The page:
Now I got quarters in my loafers tryin’ to fight inflation
When it only used to take a cent
Sometimes I wish I was back in my crashpad days before I knew what cash flow meant
For some reason this song has been wandering around my head lately. “We are the people our parents warned us about.”
Yep, we are. Last night we attended a party to celebrate the 70th birthday of one of those people. Needless to say, the creative, old hippy back-to-the-landers were out in force. In honor of our friend we wore tie dye. We ate, drank and made merry and then wended our way home slowly, as the deer population was out in force enjoying the light drizzle and the warm night.
But that is not what this post is about, not really. It is about the wishing we were back in our crash pad days, before we knew exactly what is entailed by owning your home, thus being responsible for it.
Remember our downstairs neighbors the skunks? (You can read all about it at that link, and the post I have linked to has links to other posts on the same subject.) It has been quite the odyssey, the whole skunk episode. The upshot of the situation was that indeed we finally were able to exclude Mama Skunk. Mostly that involved living through the early babyhood of the young skunks, which included Mama Skunk utilizing a “chemical warfare” pre-emptive tactic that consisted of laying down a small quantity of eau de skunk in and around the nursery before she left on her evening excursions, a sort of “No predators need enter these premises, nothing to see here, move along now” message. This led to my clients wrinkling up their faces when they arrived for their massages and asking “Did Ruby get skunked?” or “What is that smell?”
At any rate, eventually around April the skunk kiddies were old enough to get shown the ropes and went off night stalking with their mama and when that glad day happened, Jim went around the house and closed the skunks out. And when I say closed, I mean he really closed off access. The broken vent that provided the last access was thoroughly closed off with plywood and rocks. The crawl space access also was very thoroughly closed as well. The idea was that at some future date the broken vent would be mended and replaced, but alas, the future date was procrastinated for a couple of years.
Quite some time ago, we became aware that the aging process of our house had started to include a certain amount of deterioration of the beams that support the floor. This is an unfortunate predilection that wooden houses have, to develop rot, especially when the houses exist in humid climates. We knew that this was something that we would have to address sooner or later, and eventually we had one of our contractor friends over to go under the house and assess the situation.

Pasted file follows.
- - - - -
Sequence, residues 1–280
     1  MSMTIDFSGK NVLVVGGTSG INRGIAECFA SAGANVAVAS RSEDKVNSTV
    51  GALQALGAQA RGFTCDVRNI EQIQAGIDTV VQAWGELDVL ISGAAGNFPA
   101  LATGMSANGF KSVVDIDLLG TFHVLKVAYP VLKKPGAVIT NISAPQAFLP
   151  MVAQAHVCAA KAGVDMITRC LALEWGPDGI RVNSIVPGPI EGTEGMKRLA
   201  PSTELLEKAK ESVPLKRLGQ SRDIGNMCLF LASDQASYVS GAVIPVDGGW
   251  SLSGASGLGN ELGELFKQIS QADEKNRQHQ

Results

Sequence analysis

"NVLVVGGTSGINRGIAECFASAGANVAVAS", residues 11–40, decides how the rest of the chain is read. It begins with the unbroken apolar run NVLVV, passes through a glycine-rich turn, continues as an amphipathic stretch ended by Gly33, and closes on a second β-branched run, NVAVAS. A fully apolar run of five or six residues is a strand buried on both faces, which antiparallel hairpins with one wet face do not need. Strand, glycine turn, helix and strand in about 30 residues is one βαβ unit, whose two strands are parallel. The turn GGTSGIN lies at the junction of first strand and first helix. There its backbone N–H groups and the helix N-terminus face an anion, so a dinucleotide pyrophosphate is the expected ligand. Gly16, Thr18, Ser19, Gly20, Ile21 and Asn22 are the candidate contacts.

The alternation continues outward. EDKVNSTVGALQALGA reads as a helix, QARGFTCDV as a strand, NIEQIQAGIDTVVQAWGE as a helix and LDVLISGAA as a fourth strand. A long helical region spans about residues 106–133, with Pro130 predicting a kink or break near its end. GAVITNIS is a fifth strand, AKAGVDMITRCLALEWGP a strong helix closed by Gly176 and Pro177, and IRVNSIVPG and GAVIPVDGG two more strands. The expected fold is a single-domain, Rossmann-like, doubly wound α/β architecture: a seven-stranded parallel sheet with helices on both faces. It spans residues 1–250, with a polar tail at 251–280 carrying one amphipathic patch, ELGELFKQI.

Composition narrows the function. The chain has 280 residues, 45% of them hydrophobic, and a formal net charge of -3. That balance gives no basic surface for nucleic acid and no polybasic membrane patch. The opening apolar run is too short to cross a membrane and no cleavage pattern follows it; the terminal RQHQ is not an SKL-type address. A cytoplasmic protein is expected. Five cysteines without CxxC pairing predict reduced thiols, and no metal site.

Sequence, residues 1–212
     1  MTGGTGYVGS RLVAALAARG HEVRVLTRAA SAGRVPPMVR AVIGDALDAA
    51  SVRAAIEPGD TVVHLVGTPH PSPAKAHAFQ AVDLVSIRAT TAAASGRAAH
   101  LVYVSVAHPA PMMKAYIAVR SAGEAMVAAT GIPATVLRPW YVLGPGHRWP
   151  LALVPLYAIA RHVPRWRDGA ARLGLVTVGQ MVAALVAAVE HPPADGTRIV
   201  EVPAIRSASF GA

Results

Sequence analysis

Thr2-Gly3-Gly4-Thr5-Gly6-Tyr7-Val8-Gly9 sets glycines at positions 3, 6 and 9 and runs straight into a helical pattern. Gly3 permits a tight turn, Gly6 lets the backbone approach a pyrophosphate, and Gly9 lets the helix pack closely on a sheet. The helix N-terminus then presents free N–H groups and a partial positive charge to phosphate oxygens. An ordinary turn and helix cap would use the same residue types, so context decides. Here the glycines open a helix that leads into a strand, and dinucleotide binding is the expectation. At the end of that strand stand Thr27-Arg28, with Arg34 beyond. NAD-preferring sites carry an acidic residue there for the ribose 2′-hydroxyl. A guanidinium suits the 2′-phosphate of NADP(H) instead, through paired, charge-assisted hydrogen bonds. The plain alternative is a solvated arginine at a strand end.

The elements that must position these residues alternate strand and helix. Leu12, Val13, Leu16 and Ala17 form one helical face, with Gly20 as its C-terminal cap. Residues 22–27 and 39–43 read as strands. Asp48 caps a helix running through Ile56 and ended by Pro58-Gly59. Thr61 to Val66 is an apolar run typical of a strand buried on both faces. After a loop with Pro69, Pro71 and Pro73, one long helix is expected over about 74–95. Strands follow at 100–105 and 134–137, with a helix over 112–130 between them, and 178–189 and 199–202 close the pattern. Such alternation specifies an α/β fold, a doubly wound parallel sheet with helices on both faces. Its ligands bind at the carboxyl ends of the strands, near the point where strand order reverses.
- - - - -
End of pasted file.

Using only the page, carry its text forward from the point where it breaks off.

Oh my. Many of you may have an inkling of what he found when he went under the house. Closing off the vents so thoroughly was really not a very good idea, at least not for a long term tactic, and when our friend and Jim emerged from their exploratory foray, which lasted a very short time, I can tell you, they were both sweating heavily and virtually covered in mud.
The crawl space of our house had developed all the qualities of a wet cave. Condensation was rampant, and the dirt under the house was thoroughly saturated as was the insulation. The water in the insulation had made it heavy, and begun to separate the fiberglas from the “moisture barrier” paper, it was hanging down in horrid stalactites, and making it completely impossible to see or tell what was actually going on with the beams and the rot situation. On a more positive note, there were no skunks…
The men wandered around the house, discussing such esoterica as air flow, venting, moisture, and mud. The vents were re-opened, and our friend informed us that really nothing could be done until things had dried out somewhat under the house and the ruined insulation had been removed.
This all occurred near the time that the big tornado hit Joplin, and one of the things that was big in the news was the lung rot/disease that people who were cleaning up were experiencing due to exposure to fiberglas insulation that was moldy. So I informed my husband that if he was going under the house to clean up wet insulation he by gum was going to be wearing a respirator.
We spent the summer directing hot attic air under the house by using a squirrel cage fan attached to duct that runs from the attic to the crawl space. Eventually things dried out somewhat, and the insulation removal began.
Jim crawls under the house dressed in a get-up that consists of his work overall, under which he has several layers of warm clothing. He wraps his head in a pillow case to keep the insulation out of his neck, cinches it down with a ball cap turned backwards. Over that he puts the dust mask, wears rubber gloves, and rubber boots. He makes quite an appearance when so garbed, and when he came in the house the first time, he caught Ruby by surprise and she basically went ballistic, barking and guarding the house from the monster which had so blithely entered without even a by your leave.
In her defense, she was already a trifle on edge due to the clunking and banging and weird slithery noises that had been coming from under the house while Jim was under there working.
This is Jim getting prepared for today’s shift.
Ruby watched him don his “gay apparel” and was disturbed. It remains to be seen how she will react when he is finished with this days stint of insulation removal.
In other news, we have been enjoying some rather lovely sunsets lately. This was a couple of nights ago.